Instead of using synthetic hormone-replacement therapies, women should use bioidentical hormones, which are made from plants that mimic human estrogen and progesterone (and are available as gels, patches, creams, or pills. Yet Laux, who patented bioidentical hormones in 2002, says the mind-set today is “shifting toward the next medical revolution—that hormone intervention is unnecessary.”
He says that in most of the cases women don’t even need bioidentical hormone replenishment. The reason is because taking hormones doesn’t heal at the root level or rejuvenate your body. “If underlying problems like adrenal fatigue are addressed, you may not have to take bioidentical hormones for long, if at all,” she says.
According to Yurht, taking soy supplement is also a good solution because it will boost estrogen. The same ingredient is used in bioidentical hormones, but because supplements aren’t as concentrated as prescription hormones, you’ll have to load up.
What to do: according to Lark, if you opt for hormone therapy, you should stick with topical biodentical hormone gels. Your doctor can prescribe them for you. Gels usually have lower dosages of hormones than pills because they allow hormones to be directly absorbed into the bloodstream rather than through the digestive tract.


In her book Hormone Revolution (Portola Press, 2007), Susan Lark, MD, a women’s health specialist, recommends a daily cocktail of botanicals, vitamins, and minerals to decrease menopausal symptoms.
  • Black cohosh (standardized) to relieve hot flashes (40 to 80 mg)
  • Bioflavonoids like quercetin to reduce estrogen levels (1,000 to 2,000 mg)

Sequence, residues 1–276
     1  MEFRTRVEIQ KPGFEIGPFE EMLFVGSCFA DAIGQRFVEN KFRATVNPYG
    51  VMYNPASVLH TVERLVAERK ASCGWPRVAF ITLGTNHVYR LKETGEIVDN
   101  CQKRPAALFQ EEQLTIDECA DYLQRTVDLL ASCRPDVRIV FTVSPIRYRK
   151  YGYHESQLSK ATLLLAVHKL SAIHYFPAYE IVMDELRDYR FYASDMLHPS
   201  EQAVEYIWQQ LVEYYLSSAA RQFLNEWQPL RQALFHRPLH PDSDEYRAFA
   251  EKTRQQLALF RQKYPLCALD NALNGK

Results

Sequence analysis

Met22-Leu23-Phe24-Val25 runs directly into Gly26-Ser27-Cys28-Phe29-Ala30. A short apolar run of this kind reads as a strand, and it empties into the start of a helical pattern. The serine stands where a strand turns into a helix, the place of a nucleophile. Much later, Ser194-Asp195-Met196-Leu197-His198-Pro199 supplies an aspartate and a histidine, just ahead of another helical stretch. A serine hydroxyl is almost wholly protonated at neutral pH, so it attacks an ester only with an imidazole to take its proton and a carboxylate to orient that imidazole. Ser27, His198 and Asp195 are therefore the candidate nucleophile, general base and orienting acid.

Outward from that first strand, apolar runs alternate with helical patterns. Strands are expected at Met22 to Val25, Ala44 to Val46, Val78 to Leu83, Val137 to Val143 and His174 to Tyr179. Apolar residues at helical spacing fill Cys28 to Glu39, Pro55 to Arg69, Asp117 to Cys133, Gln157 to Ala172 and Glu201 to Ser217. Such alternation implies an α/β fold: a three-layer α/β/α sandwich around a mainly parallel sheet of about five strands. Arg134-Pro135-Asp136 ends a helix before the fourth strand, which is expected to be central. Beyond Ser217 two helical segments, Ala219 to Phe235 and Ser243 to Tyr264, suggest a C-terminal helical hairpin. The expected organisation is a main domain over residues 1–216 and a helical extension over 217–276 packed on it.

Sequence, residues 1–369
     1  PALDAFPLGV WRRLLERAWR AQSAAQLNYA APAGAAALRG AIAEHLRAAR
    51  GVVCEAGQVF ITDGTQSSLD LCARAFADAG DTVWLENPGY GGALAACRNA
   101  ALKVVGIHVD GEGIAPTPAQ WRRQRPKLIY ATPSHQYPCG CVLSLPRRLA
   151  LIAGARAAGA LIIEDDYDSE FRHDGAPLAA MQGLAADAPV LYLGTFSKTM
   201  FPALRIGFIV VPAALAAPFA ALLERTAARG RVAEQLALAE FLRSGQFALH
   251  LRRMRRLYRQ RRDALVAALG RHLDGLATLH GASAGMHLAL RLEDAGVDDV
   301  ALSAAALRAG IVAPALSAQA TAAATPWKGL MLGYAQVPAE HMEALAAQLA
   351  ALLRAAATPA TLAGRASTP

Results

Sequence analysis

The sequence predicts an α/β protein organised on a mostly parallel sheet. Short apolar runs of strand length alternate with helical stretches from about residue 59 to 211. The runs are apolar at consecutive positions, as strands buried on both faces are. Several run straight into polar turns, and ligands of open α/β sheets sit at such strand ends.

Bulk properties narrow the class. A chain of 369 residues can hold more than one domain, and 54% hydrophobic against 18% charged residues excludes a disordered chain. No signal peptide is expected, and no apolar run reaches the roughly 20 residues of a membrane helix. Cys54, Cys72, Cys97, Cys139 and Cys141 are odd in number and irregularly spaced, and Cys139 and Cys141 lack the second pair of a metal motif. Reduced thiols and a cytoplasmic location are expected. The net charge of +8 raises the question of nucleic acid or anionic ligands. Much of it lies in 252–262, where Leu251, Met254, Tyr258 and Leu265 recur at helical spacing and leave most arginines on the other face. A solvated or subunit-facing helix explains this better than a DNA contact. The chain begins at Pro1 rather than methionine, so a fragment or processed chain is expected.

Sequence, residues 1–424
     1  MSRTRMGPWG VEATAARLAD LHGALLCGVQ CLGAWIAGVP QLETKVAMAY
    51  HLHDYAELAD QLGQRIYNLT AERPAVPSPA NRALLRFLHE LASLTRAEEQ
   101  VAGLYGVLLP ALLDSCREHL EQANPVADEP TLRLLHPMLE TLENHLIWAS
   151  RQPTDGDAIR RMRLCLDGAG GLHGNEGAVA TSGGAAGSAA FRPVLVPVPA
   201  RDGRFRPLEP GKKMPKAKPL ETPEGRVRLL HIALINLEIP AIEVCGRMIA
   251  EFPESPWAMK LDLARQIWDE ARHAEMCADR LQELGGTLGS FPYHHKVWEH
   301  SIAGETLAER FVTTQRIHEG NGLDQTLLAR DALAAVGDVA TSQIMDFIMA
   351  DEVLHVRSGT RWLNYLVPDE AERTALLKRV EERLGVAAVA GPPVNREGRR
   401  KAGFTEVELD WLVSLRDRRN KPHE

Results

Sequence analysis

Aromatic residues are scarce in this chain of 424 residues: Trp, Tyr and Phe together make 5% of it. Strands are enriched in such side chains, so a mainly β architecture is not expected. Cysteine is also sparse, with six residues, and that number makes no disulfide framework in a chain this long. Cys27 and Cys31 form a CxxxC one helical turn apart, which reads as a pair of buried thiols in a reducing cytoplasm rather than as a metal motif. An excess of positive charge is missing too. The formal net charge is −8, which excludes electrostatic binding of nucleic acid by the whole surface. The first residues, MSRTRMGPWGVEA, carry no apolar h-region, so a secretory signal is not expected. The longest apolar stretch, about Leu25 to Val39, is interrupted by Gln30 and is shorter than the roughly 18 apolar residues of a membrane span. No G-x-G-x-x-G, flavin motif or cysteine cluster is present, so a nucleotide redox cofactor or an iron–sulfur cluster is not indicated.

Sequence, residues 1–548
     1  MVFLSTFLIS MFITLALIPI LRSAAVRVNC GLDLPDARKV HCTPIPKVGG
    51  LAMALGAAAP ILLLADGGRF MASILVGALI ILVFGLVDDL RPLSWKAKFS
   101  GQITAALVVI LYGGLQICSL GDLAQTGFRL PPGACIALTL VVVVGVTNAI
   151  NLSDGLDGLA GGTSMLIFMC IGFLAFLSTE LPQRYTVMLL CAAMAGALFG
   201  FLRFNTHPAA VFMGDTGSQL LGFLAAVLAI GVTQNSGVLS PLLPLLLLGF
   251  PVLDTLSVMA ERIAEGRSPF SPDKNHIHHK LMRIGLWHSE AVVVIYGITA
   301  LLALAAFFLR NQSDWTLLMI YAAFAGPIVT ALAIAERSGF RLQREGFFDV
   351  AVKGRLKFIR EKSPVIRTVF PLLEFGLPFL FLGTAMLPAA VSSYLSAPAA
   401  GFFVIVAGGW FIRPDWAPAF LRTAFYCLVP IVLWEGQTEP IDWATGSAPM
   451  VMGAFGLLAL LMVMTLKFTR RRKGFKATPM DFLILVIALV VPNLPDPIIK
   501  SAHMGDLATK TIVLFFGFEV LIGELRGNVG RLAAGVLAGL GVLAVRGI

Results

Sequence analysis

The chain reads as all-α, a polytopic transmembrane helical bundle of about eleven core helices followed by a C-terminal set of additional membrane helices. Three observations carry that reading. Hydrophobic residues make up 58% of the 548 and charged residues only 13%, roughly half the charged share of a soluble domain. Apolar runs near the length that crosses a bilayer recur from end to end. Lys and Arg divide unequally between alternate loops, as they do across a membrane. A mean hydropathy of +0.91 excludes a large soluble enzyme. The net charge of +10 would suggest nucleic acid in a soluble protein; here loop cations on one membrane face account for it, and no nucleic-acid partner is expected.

• Calcium carbonate to ease mood swings, bloating, and cravings (1,200 to 1,500 mg)
  • Ground flaxseed to promote progesterone production (4 to 6 tablespoons)
  • Magnesium to reduce water retention (600 to 750 mg)
  • Soy isoflavones to normalize estrogen levels (50 to 150 mg)
  • Vitamin B6, taken with magnesium, to decrease PMS-related anxiety (50 to 100 mg)
  • Vitamin C to lower estrogen and lessen menstrual bleeding (1,000 to 4,000 mg)
  • Defining Menopause
  • Perimenopause The two-to-eight year interval when the body begins its transition into menopause. It is characterized by rising and falling estrogen levels, with a gradual increase in irregular periods, mood swings, hot flashes, and vaginal dryness. The average age of onset is 40.
  • Menopause Marked by one year without a menstrual period. The average age of onset is 51.
  • Postmenopause The time after a woman has gone 12 months without a period. Symptoms caused by estrogen swings will tend to cease.


  • EstroSoy Plus: Made with fermented soy and black cohosh. $20, 60 capsules;
  • Estrovera: Made with a Siberian rhubarb root extract. $30, 30 capsules;
  • Femi-Yin for Menopause Relief: A blend of traditional Chinese medicine herbs, including wild yam, which may boost progesterone. $26, 60 capsules;
  • i-Cool for Menopause: Made with geniVida, a proprietary isoflavone (found in soy) believed to reduce hot flashes. Available in stores at the end of June. $20, 30 tablets;
  • Menopret: Made with proprietary black cohosh (formerly called Klimadynon). $22, 30 tablets;
  • Remifemin: The first standardized, proprietary black cohosh product. $20, 60 capsules